At least three states plan to offer additional subsidies next year for health coverage purchased on Obamacare’s health insurance marketplaces, on top of the federal tax subsidies offered as part of the health reform law.

Officials in Massachusetts, New York and Vermont are considering various state-funded subsidy packages, although they differ in their scope and generosity. It is yet another reminder that, while much of the debate over the Affordable Care Act (ACA) centers on states that are refusing to implement the law, some are going beyond what Congress prescribed back in 2010.

New York and Vermont have one thing in common: They both currently offer Medicaid coverage to people above 138 percent of the federal poverty level, the new Medicaid eligibility threshold under the ACA in states that decide to expand the program. So those people above that line who currently receive Medicaid will instead purchase health coverage through the marketplaces, also known as exchanges, starting next year. The additional state subsidies are intended to make sure that being insured isn’t more expensive for that population when they move to the exchange, state officials say.

Massachusetts is slightly different, though the principle is the same: That state’s 2006 health reform law, which served as a model for Obamacare, included more generous subsidies than the federal law. So the state-funded subsidies on the exchange will help offset any difference in cost once the federal subsidies kick in next year.

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“The concern for some states is that the subsidies in the exchanges… just aren't good enough to enable folks to enroll,” says Jennifer Tolbert, who tracks exchange implementation for the Kaiser Family Foundation. “These states are looking at ways to improve the affordability of that coverage so more people will enroll.”

Vermont is planning to provide state-based subsidies to people with incomes between 138 percent and 350 percent of the federal poverty level (the federal subsidies go to 400 percent of the poverty level, roughly $46,000 for an individual) because those people currently qualify for Medicaid. The subsidies would offset the cost of premiums by another 1.5 percent on top of the federal subsidies. About 40,500 Vermonters are expected to receive the additional assistance, at a cost of $2.9 million to the state in 2014.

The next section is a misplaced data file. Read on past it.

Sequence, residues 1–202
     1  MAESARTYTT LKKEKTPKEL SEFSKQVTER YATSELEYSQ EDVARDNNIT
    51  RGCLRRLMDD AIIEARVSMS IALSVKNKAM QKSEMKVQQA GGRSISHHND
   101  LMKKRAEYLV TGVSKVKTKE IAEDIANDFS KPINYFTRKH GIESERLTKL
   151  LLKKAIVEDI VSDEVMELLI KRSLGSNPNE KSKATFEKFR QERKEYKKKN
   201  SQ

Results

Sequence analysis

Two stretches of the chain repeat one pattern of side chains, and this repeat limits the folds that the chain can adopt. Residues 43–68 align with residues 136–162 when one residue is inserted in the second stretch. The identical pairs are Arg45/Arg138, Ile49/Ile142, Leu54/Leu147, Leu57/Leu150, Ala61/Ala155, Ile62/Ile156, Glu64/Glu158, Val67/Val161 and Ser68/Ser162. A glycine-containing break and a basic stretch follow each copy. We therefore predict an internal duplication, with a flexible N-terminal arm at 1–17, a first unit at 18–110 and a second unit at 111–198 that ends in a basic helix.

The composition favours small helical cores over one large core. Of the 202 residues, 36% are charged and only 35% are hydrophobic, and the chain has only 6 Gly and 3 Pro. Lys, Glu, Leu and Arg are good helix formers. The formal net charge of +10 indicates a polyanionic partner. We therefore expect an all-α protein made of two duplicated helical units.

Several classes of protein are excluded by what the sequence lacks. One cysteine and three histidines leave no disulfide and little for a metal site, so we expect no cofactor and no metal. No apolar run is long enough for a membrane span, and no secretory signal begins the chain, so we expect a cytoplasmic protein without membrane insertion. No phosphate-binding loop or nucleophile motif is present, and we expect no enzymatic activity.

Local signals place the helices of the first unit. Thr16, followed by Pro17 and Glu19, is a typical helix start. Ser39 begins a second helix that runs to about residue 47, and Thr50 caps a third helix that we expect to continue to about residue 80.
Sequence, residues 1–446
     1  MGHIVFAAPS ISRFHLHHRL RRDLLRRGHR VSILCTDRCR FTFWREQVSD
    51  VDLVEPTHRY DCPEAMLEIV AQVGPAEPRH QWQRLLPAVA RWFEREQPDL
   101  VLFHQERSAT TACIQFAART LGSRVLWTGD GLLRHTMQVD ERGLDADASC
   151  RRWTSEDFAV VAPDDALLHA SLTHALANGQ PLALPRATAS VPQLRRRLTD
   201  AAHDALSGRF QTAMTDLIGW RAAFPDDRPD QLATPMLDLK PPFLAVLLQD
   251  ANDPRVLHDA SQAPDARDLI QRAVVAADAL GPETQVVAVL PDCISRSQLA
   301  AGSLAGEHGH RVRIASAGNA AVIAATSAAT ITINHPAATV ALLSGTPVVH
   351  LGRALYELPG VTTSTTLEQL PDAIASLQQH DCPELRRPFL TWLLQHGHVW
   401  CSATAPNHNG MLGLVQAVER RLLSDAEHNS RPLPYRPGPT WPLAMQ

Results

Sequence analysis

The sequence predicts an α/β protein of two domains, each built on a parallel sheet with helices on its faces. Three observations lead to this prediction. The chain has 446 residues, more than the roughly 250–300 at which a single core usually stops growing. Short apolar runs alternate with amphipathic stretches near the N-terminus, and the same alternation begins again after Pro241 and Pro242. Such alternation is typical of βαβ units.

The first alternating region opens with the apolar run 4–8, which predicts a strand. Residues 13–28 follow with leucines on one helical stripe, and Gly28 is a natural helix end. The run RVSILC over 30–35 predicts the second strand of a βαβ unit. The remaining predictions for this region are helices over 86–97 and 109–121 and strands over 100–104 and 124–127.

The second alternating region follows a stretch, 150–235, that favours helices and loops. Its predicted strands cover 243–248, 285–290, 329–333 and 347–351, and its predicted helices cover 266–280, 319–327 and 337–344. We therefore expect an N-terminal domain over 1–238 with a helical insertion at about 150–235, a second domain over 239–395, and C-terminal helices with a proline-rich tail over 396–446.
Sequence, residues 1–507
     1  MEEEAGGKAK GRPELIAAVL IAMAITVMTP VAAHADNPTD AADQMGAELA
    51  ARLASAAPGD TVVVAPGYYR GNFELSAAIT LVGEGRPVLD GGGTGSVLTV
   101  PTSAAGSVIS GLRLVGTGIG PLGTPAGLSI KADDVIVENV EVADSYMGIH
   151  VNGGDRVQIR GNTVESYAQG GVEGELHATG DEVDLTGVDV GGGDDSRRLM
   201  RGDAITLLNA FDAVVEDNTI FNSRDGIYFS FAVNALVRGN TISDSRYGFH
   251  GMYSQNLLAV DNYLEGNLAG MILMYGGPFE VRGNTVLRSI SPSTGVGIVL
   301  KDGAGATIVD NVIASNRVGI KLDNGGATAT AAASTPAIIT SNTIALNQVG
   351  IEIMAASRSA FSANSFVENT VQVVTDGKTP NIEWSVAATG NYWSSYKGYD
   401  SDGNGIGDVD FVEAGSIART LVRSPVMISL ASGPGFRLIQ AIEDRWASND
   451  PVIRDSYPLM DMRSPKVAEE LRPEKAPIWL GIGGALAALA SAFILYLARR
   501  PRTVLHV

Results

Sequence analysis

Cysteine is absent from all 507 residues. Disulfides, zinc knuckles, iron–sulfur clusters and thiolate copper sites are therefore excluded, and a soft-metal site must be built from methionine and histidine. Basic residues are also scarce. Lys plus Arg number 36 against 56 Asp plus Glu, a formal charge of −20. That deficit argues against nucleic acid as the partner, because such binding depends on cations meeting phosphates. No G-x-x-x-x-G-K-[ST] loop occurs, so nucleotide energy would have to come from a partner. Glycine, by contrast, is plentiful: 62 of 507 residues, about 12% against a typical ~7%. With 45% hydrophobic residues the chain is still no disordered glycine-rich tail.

The state would also pay insurers to reduce both the deductible and out-of-pocket maximums of exchange coverage for those people. For example: someone making between 200 and 250 percent of the poverty level currently has a deductible of $500 for Medicaid, but that would increase to $1,900 for a private plan under the ACA. The state would therefore pay the difference for someone to purchase a plan with a $700 deductible. For someone making between 300 and 350 percent of the poverty line, the state would pay to lower their deductible from $1,900 to $1,500.

“In our state, Medicaid expansion really means Medicaid contraction,” says Mark Larson, commissioner of the department of Vermont Health Access. “When we thought about transition to 2014, we had a question of how do we maintain an affordability standard that we've already achieved in Vermont. What we attempted to do was maintain as close to the standard that we already had.”